I'm a steadfast adherent to "if it ain't broke, don't fix it." So when it comes to DIY, I can be somewhat of a commitment-phobe. Painting a desk neon pink is a big commitment, but painting part of a desk neon pink is a slightly more subtle statement I consider totally do-able, livable, and importantly, easily reversible.
Anyone looking for a way to embrace the dip-dye craze without being smothered by it should consider dip-painting the legs of a desk or office chair. Dipped legs inject a bit of trendy style without committing to a whole-hog makeover.
Dip-dyeing has shown up on everything from tools to toothbrushes. But when neon- or metallic-tipped legs are no longer in vogue for furniture, it's quick work to paint the piece back it its original color. You don't actually "dip" anything: Just tape off a straight like some distance from the ground (6 to 8 inches is a good distance for desk legs), then paint with a brush below the tape.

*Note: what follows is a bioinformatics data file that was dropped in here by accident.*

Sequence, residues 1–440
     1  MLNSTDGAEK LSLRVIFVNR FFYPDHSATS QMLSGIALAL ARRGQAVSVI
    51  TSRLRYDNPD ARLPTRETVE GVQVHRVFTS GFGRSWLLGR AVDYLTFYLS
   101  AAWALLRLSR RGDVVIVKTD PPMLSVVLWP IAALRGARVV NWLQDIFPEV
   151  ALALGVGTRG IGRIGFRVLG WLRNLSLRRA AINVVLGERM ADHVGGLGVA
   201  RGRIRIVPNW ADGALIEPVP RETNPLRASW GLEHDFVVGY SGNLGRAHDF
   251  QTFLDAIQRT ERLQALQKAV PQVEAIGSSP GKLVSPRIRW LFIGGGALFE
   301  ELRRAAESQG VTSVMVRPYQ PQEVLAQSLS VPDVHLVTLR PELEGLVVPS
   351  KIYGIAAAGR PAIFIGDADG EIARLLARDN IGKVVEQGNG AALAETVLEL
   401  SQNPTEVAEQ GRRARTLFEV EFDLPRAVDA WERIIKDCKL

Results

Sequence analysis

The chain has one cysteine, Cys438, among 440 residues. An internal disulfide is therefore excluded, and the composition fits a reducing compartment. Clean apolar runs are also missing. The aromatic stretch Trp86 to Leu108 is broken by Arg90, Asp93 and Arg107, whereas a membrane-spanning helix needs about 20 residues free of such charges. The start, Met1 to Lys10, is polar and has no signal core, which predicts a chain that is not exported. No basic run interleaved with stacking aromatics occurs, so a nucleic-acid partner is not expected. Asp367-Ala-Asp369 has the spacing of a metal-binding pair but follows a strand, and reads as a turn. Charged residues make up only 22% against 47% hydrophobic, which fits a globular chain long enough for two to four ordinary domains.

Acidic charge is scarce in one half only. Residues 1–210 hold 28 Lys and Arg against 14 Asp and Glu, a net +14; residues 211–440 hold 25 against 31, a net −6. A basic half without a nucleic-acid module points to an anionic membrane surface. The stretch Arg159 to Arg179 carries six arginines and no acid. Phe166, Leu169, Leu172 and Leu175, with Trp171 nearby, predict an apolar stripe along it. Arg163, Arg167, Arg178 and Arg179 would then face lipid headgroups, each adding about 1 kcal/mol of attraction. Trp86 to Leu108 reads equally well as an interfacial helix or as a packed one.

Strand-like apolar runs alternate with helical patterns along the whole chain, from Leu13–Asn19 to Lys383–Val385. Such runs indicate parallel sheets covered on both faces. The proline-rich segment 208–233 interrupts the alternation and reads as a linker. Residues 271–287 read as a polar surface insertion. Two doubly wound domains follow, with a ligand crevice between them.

Just a quick dip:
- White trestle legs get a raw pink dip-dyed look in Michelle's home office, featured on Florence Finds.
- Gold tips bring attention to the mismnatched legs of this girly pink desk from Splendid Spaces.
- This desk is twice-dipped with black and coral, spotted on Smart Girl Style.
- A mint writing desk with gold feet, from She Inspires.
In for a little more commitment? Try a reverse dip-dye! Paint everything above the "dip" line, leaving legs in their natural state:
- This desk over at Design Sponge (from Jaquelyn Clark of Lark & Linen) went dark, leaving natural legs in bright bare wood.
- Randi of Swoon Studio tried it with a natural wood desk, IKEA's LATT children's table, with great results.
These aren't specifically workspace pieces, but they give great inspiration for different leg styles:
- Mid-century modern hairpin legs look great with a red tip, as shown on this coffee table done by The Brick House.
- Sturdy desks can still get a dip dye makeover, something like this painted dresser from Etsy seller, Hayleon Vintage.
- (Images: as linked above)